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male belted kingfisher

PHOTO COURTESY OF GARRY KESSLER

This male belted kingfisher views the water from a favorite perch. When he spots a small fish, he’ll fly off and plunge head-first into the water to capture it with his thick, sharp beak. Kingfishers also hover in the air over water to spot fish. Female belted kingfishers are actually more colorful than the males, with a rust-colored “belt” below the black one that this male has.

October 12, 2007, Page 5

NATURE NOTES

By Annie Reid
Westborough Community Land Trust

Belted Kingfishers Dive and Burrow

Now that it’s fall, many Westborough residents start filling their birdfeeders, but one bird that you’re unlikely to see at a home birdfeeder is a belted kingfisher.

That’s because, true to their name, belted kingfishers (Ceryle alcyon) catch and eat fish – not your typical birdfeeder fare. Westborough is a good place for them for much of the year, with its various ponds and lakes, as well as the Assabet and Sudbury Rivers flowing from their headwaters here.

To see a belted kingfisher in action – a sight that’s definitely worth seeing – you generally need to spend time on the shores of a pond or on a riverbank, or in a boat out on the water. The trails along the edge of Sandra Pond in the Bowman Conservation Area or along the edge of Mill Pond are good places to look for kingfishers.

People who go fishing sometimes get to see a kingfisher doing the same thing but in its own dramatic style. The kingfisher isn’t competition, though, because it’s looking for fish that are quite a bit smaller than the ones most people hope to catch. Belted kingfishers themselves are only slightly larger than blue jays.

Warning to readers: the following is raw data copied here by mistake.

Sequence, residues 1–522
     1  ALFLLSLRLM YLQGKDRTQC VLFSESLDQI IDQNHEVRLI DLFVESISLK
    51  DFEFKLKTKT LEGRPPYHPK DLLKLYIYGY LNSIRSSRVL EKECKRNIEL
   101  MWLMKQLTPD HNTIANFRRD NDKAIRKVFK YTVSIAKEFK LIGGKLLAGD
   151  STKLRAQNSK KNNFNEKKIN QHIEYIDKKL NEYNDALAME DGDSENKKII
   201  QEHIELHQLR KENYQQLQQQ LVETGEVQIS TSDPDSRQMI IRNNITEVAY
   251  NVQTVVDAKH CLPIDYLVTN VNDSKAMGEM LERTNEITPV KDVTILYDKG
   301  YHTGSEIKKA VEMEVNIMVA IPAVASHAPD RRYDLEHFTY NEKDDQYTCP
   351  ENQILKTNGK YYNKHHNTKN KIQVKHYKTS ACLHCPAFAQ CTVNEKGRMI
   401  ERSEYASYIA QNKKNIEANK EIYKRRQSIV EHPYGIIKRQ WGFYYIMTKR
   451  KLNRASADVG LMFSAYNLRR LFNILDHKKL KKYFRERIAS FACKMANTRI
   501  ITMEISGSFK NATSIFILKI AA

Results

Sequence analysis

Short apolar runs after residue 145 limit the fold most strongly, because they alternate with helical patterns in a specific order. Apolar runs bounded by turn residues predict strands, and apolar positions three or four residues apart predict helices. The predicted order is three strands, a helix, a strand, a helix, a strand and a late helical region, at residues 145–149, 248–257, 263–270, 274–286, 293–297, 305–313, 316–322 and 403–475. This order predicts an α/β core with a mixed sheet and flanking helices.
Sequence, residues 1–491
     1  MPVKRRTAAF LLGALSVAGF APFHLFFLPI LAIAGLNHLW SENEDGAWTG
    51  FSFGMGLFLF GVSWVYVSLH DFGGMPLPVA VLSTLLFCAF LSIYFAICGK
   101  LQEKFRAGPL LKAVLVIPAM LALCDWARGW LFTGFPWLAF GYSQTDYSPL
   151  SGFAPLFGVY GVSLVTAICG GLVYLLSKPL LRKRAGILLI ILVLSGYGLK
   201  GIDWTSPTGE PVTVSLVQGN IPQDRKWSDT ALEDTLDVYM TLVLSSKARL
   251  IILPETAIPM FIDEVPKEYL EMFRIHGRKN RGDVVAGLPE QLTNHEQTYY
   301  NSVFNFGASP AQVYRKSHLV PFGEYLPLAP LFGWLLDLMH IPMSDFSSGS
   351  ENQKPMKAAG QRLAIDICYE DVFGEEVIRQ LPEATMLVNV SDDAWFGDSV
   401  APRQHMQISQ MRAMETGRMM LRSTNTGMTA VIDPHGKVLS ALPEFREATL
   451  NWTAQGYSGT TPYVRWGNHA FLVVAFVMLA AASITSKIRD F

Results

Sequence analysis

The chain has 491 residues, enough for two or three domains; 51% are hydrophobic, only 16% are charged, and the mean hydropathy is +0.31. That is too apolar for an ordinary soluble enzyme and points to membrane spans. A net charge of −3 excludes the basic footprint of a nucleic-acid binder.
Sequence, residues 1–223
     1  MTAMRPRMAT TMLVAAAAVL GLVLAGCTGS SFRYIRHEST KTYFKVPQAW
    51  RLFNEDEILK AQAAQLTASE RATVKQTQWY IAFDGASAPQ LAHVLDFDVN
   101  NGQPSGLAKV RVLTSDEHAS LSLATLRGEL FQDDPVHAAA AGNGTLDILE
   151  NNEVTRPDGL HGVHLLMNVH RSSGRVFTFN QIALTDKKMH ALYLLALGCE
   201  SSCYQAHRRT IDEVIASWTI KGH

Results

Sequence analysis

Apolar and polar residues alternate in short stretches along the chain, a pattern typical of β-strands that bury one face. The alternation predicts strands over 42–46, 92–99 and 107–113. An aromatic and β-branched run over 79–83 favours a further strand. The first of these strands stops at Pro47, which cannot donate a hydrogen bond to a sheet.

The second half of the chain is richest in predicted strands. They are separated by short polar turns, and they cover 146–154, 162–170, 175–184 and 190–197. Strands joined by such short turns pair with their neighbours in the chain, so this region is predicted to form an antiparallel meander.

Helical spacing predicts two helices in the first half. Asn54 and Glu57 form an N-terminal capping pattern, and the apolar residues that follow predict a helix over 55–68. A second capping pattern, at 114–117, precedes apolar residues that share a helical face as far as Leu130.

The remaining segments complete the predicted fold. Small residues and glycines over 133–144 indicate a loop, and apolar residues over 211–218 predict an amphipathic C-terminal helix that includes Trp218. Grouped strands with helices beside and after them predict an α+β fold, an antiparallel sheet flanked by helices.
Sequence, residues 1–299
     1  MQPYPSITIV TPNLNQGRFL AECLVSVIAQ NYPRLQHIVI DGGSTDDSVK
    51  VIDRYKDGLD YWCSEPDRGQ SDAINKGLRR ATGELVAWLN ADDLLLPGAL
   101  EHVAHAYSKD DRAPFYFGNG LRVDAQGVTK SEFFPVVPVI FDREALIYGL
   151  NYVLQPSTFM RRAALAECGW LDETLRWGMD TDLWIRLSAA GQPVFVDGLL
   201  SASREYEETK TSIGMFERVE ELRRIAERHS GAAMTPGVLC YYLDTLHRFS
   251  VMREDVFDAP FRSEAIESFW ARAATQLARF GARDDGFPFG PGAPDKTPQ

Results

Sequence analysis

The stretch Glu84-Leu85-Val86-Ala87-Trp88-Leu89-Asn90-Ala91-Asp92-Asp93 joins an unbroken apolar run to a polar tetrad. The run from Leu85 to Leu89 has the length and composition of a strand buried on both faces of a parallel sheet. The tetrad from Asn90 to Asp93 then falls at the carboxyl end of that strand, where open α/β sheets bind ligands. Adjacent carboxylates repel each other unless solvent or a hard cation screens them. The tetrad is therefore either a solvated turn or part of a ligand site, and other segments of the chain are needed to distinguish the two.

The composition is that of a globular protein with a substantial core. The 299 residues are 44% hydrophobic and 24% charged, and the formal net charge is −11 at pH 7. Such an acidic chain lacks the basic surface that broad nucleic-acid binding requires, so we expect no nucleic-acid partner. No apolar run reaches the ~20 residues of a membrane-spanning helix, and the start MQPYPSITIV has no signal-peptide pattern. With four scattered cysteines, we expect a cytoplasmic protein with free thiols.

Belted kingfishers typically watch the water from a favorite high perch on a branch or wire. Their keen eyesight allows them to spot small fish. Then they swoop into the air and dive headfirst into the water to catch their prey. Or they hover in the air – something many birds can’t do – to find a fish to dive for.

Kingfishers are noisy birds. Often you can tell that a belted kingfisher is fishing nearby when you hear its noisy call. It’s a loud, long, rattling call, not what you’d probably expect from a bird. Because its prey is under water, the kingfisher apparently doesn’t need to make a quiet approach.

Fishing and diving into water are special skills that young kingfishers need to learn and practice, just as human youngsters (and other beginners) do. The kingfisher parents give their young practice by dropping small dead or nearly dead fish into the water for them to dive after. Young kingfishers also catch slower-moving prey, such as water insects and crayfish.

Just as we generally don’t expect a bird of the air to be diving into water, we usually don’t expect to find birds under ground, either. But that’s exactly where belted kingfishers nest. Not in trees or bushes or grass like so many other birds, or on the ground, or even in holes in trees – but in holes in the ground. And even more surprising, they dig these burrows themselves.